In addition to easing customers’ grief, Eriksdotter also sees the pet portraits as a way to give back: She donates about 5 percent of her profits every month to animal rescue organizations and domestic violence shelters.

In a way, Studio Eriksdotter is a perfect synthesis of Eriksdotter’s three lifelong passions: her love for Lucas, for painting and for her father.

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She began painting at an early age, inspired by her family’s artistic legacy — both her mother and grandfather were painters — and by her mother’s creativity around the house. Her mother, who had trained as a professional chef, concocted unusual, delicious dishes and decorated the family’s home with special Scandinavian flair. “Think fresh moss set in an ancient silver bowl,” Eriksdotter said.

Eriksdotter never took an art class. But she would spend about 20 hours a week behind an easel starting in her mid-20s, a habit she maintained throughout her years working in PR.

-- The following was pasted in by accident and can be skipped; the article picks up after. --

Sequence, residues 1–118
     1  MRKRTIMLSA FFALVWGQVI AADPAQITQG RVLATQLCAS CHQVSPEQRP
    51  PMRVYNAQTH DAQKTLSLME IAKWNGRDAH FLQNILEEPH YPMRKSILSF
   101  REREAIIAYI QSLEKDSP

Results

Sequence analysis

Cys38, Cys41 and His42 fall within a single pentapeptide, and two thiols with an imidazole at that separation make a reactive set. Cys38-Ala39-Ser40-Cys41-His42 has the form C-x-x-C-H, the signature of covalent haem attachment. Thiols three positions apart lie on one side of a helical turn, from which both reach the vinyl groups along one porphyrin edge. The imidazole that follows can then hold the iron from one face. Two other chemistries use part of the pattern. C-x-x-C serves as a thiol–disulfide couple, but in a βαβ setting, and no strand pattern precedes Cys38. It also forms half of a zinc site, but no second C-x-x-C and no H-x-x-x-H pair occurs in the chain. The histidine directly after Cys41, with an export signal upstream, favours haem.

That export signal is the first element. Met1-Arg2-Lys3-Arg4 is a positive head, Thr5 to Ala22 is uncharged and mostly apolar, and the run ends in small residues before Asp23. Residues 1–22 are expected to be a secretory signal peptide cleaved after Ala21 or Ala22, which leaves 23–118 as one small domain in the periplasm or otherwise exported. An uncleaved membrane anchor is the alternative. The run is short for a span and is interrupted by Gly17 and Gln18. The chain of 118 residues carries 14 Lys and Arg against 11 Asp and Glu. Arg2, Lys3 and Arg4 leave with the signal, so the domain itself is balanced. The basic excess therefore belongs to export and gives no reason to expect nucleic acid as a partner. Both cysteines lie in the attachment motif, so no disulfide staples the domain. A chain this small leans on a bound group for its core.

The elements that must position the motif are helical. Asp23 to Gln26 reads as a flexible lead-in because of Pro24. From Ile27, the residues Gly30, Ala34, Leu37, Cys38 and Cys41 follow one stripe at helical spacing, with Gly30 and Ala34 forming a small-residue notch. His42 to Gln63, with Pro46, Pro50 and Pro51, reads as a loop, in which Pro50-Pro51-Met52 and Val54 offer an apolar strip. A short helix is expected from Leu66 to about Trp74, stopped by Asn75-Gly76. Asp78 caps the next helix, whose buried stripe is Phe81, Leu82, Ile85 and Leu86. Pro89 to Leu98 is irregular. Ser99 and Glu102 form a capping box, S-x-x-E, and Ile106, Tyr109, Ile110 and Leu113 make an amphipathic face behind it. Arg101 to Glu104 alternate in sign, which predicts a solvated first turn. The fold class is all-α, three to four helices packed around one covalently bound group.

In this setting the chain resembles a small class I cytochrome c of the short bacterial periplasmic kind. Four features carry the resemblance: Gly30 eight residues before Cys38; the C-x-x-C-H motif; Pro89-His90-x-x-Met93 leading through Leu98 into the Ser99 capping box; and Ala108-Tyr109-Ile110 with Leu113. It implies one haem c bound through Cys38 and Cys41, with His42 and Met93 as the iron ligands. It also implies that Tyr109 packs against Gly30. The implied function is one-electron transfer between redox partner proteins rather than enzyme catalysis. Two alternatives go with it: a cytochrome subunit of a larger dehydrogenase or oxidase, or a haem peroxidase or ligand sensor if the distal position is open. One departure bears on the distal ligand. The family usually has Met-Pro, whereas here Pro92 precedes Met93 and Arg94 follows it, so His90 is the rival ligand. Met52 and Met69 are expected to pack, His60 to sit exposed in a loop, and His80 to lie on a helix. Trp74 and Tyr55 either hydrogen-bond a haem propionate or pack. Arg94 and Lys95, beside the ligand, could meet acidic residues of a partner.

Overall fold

She knew it could be difficult to earn a good living as a professional artist. But Eriksdotter’s father, a businessman, had always told her she should pursue a career doing what she loved. Eriksdotter never forgot his words: she still hears his voice in her head today, though he died of pancreatic cancer almost two decades ago.

When an opportunity arose to pursue painting more seriously, Eriksdotter snatched it. About 2009, she and then-fiance Collings had saved $20,000 for a wedding in Italy — but they decided to elope and instead use the money to launch her art career.